Many policies also offer optional riders. These are benefits you can add to your policy for an extra charge. The extra benefits may provide unique protection or fill a specific need. Below are three of the most commonly used riders. Before you buy your policy, consider your needs and which riders may best help you meet your objectives.
If you’re married, a spousal benefit rider could be an important feature. Most long-term care policies have lifetime caps on coverage. These are sometimes expressed as a benefit dollar amount, but other policies have a maximum number of months they will cover.
The spousal benefit combines the maximums of each spouse into one pool. That way, either spouse can use the benefit as needed. Some policies will even increase the maximum coverage to accommodate both people. This benefit can increase the cost of the policy, but it can also provide a valuable level of protection.
Return of Premium
One of the biggest concerns many people have about long-term care insurance is the risk that the policy will never be used. Of course, not using the policy means you didn’t need long-term care, so that’s not necessarily a bad thing. However, you may not feel great about paying premiums for years only to never put the policy to use.
Some policies offer return-of-premium riders. These riders vary by policy, but they essentially return a portion of your unused coverage to your beneficiaries upon your death. Some companies will package this benefit as a life insurance hybrid. These riders are appealing, especially for those who want to leave a legacy. However, the rider can also significantly increase the cost of the policy.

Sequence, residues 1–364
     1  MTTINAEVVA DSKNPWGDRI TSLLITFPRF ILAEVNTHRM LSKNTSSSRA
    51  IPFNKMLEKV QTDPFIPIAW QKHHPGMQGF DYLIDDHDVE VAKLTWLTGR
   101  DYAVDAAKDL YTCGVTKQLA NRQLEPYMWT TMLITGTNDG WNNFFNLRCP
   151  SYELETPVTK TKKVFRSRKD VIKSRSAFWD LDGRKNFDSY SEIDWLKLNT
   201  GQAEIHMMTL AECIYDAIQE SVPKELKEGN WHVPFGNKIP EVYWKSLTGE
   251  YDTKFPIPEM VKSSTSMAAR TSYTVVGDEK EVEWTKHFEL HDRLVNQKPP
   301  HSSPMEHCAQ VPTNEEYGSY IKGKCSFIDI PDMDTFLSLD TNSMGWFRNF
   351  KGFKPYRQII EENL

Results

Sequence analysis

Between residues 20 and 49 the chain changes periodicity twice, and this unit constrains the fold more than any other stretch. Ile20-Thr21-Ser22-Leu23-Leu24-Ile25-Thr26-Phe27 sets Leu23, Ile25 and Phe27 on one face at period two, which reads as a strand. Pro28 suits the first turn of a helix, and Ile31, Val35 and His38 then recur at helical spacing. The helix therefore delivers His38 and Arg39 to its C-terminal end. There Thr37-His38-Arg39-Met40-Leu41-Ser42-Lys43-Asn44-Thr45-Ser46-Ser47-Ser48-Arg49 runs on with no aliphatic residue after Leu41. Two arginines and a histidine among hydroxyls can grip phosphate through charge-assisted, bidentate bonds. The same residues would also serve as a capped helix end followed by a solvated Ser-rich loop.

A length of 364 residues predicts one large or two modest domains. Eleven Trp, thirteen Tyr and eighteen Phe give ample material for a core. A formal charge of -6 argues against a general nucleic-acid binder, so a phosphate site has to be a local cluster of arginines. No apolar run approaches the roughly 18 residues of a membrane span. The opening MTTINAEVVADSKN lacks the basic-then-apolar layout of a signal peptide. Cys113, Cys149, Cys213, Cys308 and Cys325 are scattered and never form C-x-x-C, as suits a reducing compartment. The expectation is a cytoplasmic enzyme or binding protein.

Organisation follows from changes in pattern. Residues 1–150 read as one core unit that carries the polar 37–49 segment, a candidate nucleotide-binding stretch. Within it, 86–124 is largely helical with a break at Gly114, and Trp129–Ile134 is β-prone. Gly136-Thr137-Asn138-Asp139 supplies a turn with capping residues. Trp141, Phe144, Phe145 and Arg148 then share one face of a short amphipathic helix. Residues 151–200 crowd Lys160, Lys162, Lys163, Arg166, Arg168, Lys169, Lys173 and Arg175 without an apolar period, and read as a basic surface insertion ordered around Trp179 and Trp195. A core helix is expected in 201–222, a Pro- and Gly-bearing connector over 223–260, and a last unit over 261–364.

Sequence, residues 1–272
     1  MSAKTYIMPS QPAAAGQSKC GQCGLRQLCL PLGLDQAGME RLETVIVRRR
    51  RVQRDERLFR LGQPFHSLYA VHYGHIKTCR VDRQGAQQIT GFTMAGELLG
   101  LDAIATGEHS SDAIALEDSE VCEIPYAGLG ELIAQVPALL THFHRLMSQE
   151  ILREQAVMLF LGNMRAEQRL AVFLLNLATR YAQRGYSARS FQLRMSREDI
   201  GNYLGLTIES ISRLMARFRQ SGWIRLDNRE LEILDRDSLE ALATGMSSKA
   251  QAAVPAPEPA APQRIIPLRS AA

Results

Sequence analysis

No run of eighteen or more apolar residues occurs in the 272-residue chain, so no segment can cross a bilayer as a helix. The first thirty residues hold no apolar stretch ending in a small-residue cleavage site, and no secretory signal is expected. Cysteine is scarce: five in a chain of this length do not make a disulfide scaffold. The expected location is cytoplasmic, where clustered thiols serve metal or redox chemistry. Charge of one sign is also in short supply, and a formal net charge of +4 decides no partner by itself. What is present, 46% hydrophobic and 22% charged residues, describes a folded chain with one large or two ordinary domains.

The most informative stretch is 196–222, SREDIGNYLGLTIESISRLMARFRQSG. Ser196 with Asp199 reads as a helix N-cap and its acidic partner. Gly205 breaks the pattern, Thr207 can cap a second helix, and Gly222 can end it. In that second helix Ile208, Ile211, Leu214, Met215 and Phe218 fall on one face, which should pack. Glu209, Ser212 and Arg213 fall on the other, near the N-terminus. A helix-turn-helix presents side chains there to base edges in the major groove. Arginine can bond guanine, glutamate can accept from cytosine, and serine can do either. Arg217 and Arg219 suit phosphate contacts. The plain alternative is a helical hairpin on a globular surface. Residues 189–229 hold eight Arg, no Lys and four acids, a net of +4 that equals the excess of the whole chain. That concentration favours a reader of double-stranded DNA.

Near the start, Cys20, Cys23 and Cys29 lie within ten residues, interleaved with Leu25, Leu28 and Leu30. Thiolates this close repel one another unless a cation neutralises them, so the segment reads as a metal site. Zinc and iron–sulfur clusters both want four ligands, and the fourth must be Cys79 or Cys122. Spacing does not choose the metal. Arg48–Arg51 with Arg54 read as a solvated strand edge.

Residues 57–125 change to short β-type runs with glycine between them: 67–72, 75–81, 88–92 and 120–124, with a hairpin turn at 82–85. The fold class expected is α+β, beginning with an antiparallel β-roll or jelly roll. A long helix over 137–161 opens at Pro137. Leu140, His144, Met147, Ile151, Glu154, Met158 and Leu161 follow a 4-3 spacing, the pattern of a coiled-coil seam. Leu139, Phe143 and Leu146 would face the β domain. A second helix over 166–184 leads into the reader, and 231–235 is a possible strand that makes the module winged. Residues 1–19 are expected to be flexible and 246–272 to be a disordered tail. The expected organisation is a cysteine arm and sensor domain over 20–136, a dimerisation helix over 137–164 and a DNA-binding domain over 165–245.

This may be one of the most important riders available. Health care costs are rising all the time. Long-term care costs are no exception. It’s possible that you could buy your policy and then not use it for years. Costs could rise over that time, reducing the impact of your coverage. Inflation protection riders increase your benefit each year to keep up with rising costs. The rider may increase your premium, but it may be worth the extra cost.
Ready to find the right long-term care plan for your needs? Let’s talk about it. Contact us today at Retirement Peace Project. We can help you develop the right strategy for your goals and your budget. Let’s connect soon and start the conversation.